Readings: 1Kings 18:9-18 and Matthew 14:22-33
It is so odd seeing one another in masks isn’t it? It affects our communication because it hides so much of our expression. So much is communicated through the muscles of the lower part of our face. It also makes identification more difficult. I had thought that new guidance would have meant that I would be preaching through a mask this morning – I was thinking how difficult that is going to be.
The idea of masks fit both our readings this morning – because we have two cases of mistaken identity. People thinking that they had seen one thing, but had seen something else altogether.
The first mistaken identity is when the king, Ahab, meets Elijah. Ahab asks Elijah, “Is it you, you troubler of Israel?”
Elijah replies to tell Ahab how wrong he is. He says to Ahab: “I have not troubled Israel; but you have, and your father’s house, because you have forsaken the commandments of the Lord.”
So, who is the troubler? Is the troubler Elijah? Or is it the king who is the troubler? Is Elijah right in claiming that the king’s misrule – the lack of good government is the trouble with Israel?
From Elijah’s point of view (the point of view of scripture), it is Ahab and his wife, “that Jezebel” who had caused all the trouble for Israel by forsaking the commandments and by their fanatical religious persecution, rounding up the “troublemakers”, killing off the prophets and the opposition.
In our own troubled times we have similar identity parades – but with a different cast. People are paraded before us as troublemakers and are made our scapegoats. So within living memory, “Jews”, “blacks”, “gypsies”, those who are gay have all been paraded before us as the troublemakers – and final solutions have been devised to kill them off. But they haven’t been the troublemakers (however militant they may have become). They have been the troubled – and their troublers have been their accusers. The accusers, the persecutors, have been the real troublemakers.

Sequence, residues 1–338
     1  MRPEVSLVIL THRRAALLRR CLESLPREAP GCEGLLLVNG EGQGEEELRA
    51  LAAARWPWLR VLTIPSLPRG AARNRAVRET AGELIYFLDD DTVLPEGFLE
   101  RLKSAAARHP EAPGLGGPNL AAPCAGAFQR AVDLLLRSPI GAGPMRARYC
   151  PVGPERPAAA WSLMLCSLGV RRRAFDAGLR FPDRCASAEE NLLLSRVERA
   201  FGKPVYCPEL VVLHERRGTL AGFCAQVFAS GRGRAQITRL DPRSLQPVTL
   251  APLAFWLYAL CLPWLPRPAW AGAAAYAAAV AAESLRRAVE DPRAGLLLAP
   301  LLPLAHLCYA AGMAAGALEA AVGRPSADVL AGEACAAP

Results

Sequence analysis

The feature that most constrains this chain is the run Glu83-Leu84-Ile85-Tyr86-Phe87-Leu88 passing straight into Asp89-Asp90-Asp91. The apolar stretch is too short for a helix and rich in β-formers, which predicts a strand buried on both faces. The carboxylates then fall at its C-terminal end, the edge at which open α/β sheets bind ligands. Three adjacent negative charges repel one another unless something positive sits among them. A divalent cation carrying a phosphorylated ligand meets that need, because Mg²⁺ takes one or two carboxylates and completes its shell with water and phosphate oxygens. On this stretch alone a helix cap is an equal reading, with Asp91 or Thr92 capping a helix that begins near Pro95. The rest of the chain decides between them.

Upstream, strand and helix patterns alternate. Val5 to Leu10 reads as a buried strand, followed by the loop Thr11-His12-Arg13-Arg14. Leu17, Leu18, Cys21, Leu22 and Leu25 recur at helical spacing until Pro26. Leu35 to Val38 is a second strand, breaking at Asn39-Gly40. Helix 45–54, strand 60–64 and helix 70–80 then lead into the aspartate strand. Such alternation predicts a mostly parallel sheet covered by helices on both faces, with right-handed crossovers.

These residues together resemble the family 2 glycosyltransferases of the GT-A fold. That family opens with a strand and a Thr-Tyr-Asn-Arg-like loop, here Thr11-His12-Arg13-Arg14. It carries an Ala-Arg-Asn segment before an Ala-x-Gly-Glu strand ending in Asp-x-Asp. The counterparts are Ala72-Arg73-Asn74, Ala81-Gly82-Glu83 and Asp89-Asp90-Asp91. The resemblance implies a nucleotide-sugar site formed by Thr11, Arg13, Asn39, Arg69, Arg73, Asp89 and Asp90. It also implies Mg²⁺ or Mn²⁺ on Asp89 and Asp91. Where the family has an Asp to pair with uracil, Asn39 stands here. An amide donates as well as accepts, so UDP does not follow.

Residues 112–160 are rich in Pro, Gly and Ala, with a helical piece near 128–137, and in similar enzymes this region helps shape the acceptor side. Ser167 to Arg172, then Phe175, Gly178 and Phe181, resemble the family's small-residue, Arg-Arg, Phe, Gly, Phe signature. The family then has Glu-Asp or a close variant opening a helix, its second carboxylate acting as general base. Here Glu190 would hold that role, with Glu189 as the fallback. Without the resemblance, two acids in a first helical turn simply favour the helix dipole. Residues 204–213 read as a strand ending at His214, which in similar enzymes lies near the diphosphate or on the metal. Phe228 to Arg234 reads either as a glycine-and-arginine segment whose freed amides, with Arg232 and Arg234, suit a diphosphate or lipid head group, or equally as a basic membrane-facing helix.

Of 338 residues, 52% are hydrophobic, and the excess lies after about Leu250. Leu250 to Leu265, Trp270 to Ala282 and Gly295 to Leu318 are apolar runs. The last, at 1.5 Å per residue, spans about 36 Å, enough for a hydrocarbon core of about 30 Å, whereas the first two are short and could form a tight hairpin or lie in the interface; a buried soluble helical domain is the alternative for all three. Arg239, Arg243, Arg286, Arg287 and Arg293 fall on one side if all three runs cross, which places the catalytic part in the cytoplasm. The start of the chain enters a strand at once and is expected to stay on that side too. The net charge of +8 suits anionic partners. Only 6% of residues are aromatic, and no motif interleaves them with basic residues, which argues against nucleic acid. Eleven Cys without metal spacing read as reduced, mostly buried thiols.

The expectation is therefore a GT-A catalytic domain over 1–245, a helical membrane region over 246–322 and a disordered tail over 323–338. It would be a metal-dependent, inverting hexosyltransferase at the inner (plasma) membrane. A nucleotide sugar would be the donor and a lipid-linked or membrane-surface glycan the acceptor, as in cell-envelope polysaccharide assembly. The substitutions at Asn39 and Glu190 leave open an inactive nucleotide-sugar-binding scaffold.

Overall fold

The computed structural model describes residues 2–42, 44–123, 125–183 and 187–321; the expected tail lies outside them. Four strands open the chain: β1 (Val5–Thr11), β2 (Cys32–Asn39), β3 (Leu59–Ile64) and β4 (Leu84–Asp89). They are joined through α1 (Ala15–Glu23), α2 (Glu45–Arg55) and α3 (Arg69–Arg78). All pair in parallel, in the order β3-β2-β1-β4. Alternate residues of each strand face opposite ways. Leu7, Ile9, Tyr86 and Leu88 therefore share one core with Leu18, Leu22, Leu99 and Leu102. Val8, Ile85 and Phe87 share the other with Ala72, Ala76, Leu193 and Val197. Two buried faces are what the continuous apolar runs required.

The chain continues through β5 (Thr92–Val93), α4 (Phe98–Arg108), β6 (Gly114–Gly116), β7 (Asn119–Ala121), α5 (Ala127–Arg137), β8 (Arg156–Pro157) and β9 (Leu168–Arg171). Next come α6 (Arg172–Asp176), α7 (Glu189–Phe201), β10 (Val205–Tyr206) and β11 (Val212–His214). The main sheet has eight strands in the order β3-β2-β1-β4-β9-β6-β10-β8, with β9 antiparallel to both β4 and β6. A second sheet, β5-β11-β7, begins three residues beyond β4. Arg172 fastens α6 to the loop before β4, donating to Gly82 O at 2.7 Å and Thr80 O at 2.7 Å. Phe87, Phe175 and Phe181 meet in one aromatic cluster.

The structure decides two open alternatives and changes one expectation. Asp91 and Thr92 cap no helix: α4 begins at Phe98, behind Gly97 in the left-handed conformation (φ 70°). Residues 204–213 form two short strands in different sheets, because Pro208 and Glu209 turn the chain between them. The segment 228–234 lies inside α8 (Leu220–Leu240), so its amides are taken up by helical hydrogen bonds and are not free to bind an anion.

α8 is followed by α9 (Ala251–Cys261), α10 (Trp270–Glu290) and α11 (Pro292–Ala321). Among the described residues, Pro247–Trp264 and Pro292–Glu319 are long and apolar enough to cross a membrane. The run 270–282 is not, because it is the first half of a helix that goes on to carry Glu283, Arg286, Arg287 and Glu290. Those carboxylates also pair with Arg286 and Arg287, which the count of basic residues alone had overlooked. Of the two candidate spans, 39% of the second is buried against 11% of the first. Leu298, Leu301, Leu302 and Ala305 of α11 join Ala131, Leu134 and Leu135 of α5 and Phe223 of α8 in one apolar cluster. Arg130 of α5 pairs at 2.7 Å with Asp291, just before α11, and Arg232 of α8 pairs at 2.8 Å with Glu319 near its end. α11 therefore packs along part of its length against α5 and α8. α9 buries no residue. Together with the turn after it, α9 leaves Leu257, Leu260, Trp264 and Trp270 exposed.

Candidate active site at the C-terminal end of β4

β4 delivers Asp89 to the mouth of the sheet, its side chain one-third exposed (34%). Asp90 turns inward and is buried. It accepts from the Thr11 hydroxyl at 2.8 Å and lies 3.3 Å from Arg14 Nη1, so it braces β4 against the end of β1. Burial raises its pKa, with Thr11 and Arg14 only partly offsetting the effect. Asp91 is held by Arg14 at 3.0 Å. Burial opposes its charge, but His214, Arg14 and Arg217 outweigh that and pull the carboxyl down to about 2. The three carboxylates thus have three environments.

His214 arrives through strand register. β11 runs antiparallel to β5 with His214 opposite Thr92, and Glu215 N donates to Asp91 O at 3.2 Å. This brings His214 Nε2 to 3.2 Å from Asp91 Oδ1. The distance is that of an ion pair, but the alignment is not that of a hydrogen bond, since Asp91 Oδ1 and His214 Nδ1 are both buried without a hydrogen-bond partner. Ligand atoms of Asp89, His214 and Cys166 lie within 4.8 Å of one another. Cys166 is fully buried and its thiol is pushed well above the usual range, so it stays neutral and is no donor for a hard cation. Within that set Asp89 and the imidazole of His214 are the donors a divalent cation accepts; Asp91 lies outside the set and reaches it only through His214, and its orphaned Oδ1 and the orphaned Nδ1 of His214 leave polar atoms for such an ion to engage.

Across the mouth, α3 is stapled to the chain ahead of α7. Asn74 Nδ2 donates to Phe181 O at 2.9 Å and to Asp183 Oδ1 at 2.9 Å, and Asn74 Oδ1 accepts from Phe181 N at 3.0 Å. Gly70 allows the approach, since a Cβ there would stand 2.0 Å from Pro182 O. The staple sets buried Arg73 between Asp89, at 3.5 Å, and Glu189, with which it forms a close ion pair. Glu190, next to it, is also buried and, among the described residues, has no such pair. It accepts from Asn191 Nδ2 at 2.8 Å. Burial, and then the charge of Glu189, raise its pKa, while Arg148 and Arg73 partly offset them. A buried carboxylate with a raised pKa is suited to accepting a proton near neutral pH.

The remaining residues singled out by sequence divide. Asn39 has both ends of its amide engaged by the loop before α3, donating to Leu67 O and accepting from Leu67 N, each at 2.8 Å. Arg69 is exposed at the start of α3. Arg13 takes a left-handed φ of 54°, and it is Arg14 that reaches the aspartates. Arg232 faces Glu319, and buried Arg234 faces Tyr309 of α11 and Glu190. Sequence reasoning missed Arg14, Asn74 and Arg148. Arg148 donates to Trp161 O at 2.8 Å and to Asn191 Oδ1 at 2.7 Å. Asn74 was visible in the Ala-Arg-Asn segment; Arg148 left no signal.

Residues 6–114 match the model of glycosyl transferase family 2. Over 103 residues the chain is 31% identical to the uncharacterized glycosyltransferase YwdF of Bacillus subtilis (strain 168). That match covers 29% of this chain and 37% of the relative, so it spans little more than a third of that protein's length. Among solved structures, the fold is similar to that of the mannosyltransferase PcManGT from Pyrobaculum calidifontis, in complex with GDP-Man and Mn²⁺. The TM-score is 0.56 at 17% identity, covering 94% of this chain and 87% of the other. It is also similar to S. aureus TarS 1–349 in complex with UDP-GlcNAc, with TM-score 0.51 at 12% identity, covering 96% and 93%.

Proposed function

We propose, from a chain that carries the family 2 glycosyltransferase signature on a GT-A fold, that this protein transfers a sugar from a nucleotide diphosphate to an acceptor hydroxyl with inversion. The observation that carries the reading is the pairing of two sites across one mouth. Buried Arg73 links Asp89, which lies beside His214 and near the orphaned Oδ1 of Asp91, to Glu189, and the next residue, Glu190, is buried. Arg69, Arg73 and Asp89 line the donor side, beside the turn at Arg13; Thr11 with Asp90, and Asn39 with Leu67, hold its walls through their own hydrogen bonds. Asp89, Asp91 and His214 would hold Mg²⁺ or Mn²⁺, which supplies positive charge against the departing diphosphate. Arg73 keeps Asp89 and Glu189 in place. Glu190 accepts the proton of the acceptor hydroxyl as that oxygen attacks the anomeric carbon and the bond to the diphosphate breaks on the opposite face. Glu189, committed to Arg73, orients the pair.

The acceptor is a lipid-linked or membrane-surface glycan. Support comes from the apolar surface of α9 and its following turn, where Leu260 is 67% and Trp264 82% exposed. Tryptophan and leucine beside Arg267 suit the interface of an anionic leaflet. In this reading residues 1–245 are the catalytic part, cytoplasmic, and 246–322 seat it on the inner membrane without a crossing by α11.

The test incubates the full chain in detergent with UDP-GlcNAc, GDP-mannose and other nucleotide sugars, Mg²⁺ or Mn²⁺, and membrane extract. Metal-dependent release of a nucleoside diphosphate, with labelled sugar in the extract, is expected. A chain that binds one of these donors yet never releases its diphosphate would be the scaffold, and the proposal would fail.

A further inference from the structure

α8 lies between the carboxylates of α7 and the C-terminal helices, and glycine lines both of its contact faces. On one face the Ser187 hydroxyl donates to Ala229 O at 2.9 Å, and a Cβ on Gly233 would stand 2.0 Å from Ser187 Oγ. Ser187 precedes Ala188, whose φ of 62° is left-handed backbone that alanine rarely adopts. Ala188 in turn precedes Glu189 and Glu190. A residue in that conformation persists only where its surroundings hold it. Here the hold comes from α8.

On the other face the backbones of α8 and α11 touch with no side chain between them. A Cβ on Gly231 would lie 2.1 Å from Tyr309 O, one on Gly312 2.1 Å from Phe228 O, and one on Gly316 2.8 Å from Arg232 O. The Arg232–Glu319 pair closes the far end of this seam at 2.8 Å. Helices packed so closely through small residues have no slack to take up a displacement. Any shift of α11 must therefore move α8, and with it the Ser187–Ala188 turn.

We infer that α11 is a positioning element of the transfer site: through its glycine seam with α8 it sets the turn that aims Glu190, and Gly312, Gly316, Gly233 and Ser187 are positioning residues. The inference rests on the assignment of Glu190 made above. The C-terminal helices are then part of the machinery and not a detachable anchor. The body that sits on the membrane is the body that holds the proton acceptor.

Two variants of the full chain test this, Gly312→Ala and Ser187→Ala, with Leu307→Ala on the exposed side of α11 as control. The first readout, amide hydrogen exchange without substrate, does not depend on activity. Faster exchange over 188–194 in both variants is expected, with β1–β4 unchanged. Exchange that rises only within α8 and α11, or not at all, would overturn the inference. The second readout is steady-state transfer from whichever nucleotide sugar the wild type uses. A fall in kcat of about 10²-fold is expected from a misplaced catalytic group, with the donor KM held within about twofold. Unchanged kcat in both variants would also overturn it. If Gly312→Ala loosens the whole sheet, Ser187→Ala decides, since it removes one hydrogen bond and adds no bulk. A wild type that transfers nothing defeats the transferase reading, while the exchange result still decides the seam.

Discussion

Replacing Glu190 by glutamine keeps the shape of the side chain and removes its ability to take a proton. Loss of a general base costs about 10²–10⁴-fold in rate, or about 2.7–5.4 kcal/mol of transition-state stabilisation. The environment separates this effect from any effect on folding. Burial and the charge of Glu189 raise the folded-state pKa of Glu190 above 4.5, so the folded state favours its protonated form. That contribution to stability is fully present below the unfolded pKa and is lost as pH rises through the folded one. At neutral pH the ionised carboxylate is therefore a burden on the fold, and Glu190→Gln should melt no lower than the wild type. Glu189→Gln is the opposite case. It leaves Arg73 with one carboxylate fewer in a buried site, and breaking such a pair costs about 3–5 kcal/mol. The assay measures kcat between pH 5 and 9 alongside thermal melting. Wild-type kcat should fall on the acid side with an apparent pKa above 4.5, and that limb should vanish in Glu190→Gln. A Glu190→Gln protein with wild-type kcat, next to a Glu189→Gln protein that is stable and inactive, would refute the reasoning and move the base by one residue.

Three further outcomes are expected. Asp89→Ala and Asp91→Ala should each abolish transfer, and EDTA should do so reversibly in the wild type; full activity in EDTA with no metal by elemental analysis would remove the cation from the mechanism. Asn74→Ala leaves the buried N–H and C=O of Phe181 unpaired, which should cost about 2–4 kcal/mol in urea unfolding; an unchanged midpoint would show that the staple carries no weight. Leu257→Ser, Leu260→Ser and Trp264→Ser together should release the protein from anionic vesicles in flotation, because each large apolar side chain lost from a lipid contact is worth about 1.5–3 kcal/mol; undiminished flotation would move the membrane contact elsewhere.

Similar processes are at play when people are demeaned in today’s politics as “doomsters and gloomsters”, or “remoaners”. That is how opposition is dismissed in British society these days. That is how troublemakers are dismissed.
There have always been peacemakers who have been mistakenly identified as troublemakers. Nelson Mandela was despised by the media as a troublemaker. So was Mahatma Gandhi. So was Martin Luther King. So is Greta Thunberg by some. They are not troublemakers but instead have resisted the troublemakers.
John Hume died last week. He lived through that chapter of Irish history we refer to as “the Troubles”. For his political opponents he was regarded as part of the trouble. But he turned out to be a hero of those troubled times refusing to be swayed by the troublers. He was very much one of the architects of the Good Friday Agreement and the peace of the Agreed Ireland.
Martin Kettle, in the Guardian (August 6th) wrote:
He was a political leader who was confronted with a deeply divided society. He was a bridge builder where flag-based identities and community suspicions loomed suffocatingly large. He recognised that building bridges meant talking to, and listening to, the extremes as well as the centre ground. He saw there was no future for a system in which one tradition exercised total power and ignored the excluded. He took the long view about the hard journey that had to be taken. And he never gave up on it.
Do you see how contemporary that exchange between Ahab and Elijah is? “Aren’t you the troublemaker?” “No, you are the troublemaker.”
The Ahabs do not want anyone rocking the boat. They are threatened by them – not realising it is their monstrous rules which are rocking the boat.
We are living through very troubling times. So many of our landmarks have gone. We can’t touch those we have hold dear. We don’t know what’s going to happen to our jobs. Children don’t know whether they will see their friends in September. Poverty is alarming us. And the World Health Organisation is saying from a global perspective that we haven’t peaked yet. We have never been this way before.
And this brings us to the second case of mistaken identity.